One of our hobbies is Geocaching, where we look for hidden caches. On our travels we try to find one at every stop. As we looked at the viewpoint, we found the hiding place, which was a deep hollow in the rock side. As we considered putting our hand inside, another man code name 'Peter Pan' without even thinking about it, reached in to retrieve the treasure. Much braver than us, so an apt name. After chatting he told us this was his 499th find.
After the road was clear we descended the valley to the village. This was quaint but a little disappointing. Maybe because we didn't have long to explore it. Again we decided to look for a Geocache, which was at the local Fire station. As we rooted around a fireman came out and gave us a hint. As we opened the log we realised 'Peter Pan' had achieved his aim of collecting his 500th cache. So congratulations to him, but we will get there one day.
Two interesting trips; one organised and one where we just explored the area. Both chances to see different parts of the island.
Just a quick blog today.
I find the idea of sketching sunbathers an excellent topic as they tend to stay still, which is an advantage for an artist.
The first pictures shows a couple we met on the trip to the west coast and enjoyed their company.
The second picture is a general picture around the pool.
Finally i looked up from sunbathing and the pool was empty, but all at once a group entered and stood at the deep end. This appeared to be because it was coming to the time for the evening meal and I wondered if they were just cooling off before going to get ready.
Because of the angle I was at I could only see their heads and it looked like seals or as Sue said just bobbing heads. It seemed quite surreal and I just had to capture the scene. Maybe it was too much sun influencing my vision.
I used to do a lot of these studies in the past and some of the paintings from these are in the Holidays page of this website.
After several years of holidays abroad, we have realised that we are no longer sunbathers. We can no longer lie for hours and all to soon we become restless. As well as that, we are not ones for returning to a place we have visited before so we like to explore n different countries whilst we can.
Like many holiday makers we attended the holiday Rep's presentation. This is mainly to find out information and if reasonable; plan trips. We had done research and talked to close friends who had visited the Island, and because of this we had an idea of what we wanted to do.
On arrival the hotel receptionist had given us a leaflet of trips recommended by them. The best package included two full days and one half day tours. At the meeting these same trips were offered at three times the price.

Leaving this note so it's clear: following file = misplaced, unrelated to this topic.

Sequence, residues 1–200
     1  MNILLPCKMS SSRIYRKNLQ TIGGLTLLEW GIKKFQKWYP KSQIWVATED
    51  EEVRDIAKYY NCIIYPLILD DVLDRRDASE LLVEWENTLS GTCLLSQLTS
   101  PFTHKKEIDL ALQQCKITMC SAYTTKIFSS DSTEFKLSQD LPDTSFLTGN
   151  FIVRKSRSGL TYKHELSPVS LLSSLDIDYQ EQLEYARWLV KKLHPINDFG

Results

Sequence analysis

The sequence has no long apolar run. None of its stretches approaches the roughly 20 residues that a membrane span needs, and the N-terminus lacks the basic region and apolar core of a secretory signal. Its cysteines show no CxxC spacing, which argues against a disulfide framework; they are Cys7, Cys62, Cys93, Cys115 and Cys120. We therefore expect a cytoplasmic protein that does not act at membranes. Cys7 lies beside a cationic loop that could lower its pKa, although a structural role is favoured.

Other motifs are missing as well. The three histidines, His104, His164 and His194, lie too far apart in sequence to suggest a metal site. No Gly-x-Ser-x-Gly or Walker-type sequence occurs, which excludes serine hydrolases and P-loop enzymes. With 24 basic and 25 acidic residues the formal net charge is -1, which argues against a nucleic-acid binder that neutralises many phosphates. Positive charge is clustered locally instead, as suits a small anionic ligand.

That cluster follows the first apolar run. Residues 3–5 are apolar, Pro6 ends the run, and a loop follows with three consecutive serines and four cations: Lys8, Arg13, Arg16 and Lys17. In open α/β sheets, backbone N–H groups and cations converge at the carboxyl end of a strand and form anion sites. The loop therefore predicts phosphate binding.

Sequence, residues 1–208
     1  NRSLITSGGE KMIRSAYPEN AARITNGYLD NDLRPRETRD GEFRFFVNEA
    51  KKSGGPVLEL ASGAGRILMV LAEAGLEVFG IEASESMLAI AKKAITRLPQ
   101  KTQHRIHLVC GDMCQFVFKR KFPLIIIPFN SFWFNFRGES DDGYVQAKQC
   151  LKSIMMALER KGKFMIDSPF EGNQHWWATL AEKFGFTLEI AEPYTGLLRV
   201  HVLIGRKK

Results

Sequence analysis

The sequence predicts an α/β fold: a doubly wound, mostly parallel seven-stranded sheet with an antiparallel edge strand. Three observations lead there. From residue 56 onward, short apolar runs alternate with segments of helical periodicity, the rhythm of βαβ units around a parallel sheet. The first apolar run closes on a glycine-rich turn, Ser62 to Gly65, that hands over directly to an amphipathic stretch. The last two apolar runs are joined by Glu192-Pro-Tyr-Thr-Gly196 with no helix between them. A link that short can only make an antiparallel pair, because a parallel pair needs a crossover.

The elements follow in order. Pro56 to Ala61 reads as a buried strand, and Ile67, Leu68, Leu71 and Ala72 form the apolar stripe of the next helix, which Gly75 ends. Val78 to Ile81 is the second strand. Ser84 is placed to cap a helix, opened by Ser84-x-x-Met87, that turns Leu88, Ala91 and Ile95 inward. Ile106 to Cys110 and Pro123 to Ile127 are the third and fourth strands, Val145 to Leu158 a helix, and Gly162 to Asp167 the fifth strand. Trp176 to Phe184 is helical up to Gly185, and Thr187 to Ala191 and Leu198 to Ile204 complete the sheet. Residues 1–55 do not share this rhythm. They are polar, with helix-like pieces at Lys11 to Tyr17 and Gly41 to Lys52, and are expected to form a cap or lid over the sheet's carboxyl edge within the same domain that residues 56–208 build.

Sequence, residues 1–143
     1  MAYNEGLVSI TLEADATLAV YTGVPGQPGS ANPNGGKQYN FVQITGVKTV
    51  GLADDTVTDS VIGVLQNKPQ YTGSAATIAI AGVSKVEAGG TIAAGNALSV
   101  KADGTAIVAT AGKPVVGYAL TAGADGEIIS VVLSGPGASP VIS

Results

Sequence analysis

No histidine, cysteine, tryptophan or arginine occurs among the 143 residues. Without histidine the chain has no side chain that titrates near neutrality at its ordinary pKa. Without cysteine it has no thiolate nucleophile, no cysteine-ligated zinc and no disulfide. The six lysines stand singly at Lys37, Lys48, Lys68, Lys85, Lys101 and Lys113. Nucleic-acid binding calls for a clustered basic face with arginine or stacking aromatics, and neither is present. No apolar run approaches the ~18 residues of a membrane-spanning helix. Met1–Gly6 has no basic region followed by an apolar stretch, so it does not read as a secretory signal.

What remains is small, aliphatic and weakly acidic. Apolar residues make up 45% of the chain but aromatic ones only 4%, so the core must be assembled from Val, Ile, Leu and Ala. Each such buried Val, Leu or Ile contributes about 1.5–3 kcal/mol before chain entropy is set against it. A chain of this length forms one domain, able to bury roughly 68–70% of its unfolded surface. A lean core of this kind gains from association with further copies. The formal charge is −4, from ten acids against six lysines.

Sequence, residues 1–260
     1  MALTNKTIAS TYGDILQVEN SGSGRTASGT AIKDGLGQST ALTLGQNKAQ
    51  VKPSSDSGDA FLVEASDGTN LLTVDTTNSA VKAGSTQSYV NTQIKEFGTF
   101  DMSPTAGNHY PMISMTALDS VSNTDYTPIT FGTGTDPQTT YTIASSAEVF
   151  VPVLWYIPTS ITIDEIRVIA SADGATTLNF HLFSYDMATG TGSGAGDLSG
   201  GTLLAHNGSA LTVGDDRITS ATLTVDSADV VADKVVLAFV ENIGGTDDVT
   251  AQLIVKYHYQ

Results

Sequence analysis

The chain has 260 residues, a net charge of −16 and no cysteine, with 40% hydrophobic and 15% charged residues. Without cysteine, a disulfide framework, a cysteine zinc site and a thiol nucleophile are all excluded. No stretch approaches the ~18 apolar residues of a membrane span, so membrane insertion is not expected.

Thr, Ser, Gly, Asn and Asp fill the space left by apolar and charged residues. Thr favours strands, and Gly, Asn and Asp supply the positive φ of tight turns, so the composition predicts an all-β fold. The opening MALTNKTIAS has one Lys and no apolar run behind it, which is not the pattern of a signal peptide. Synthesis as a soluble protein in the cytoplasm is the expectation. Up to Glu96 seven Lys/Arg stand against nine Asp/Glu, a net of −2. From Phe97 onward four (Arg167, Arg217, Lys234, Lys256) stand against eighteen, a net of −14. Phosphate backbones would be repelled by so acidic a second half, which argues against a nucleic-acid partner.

We have done trips with various companies including one on which we were the only English speaking couple. This was not ideal. The guide would spend ten minutes describing something and then in English say something like "We are passing some ruins".
In this instance we went with the Hotel's tours, as the Rep's were a little on the expensive side for the same tour.
The first one covered the West side of the Island. After being collected at the hotel the minibus took us to the next harbour at Camara de Lobos, a quaint harbour with small streets covered with decorations. This was my first sketch showing the white houses and boats.
Next a stop at Cabo Girao a glass bottomed sky-walk. We had been on these before so knew what to expect and the views were certainly worth it.
After that it was on to Ponto do Sol for a coffee break and a walk around the town where we were impressed with the church.
Then to something we had heard a lot about a walk along a Levada; on of the many walks along the paths by the side of the irrigation channel. A nice walk above the clouds, although this one was dry because they were building a new reservoir nearby. A note to myself, 'Wear long trousers next time because of the thorns'
Next, we stopped for an included lunch at Porto Moniz, famous for it's rock pools. Unfortunately, we didn't have costumes with us as these were very inviting on a hot day.
Another stop at Veu da Noiva, allowed us to see the old road around a headland, where at one time you drove under a waterfall and as the driver pointed out this saved him washing the van afterwards! This road was no longer safe for coaches and had been replaced by one of the many tunnels through the mountains that have been constructed.
After another short stop, at a small village, where we saw another highly decorative church interior, there was a steep climb to the viewpoint at Encumeada. From here you could see impressive views of both sides of the Island.
So was it worth paying only a third of the price for the trip. On the down side the air conditioning wasn't perfect but apart from that there were no complaints. We went to the same places, parking was easier and the local driver knew shortcuts where large coaches couldn't go. We also met a lovely couple from Belgium and sat with them for lunch.
A highly recommended trip and a good start to our exploration of the Island.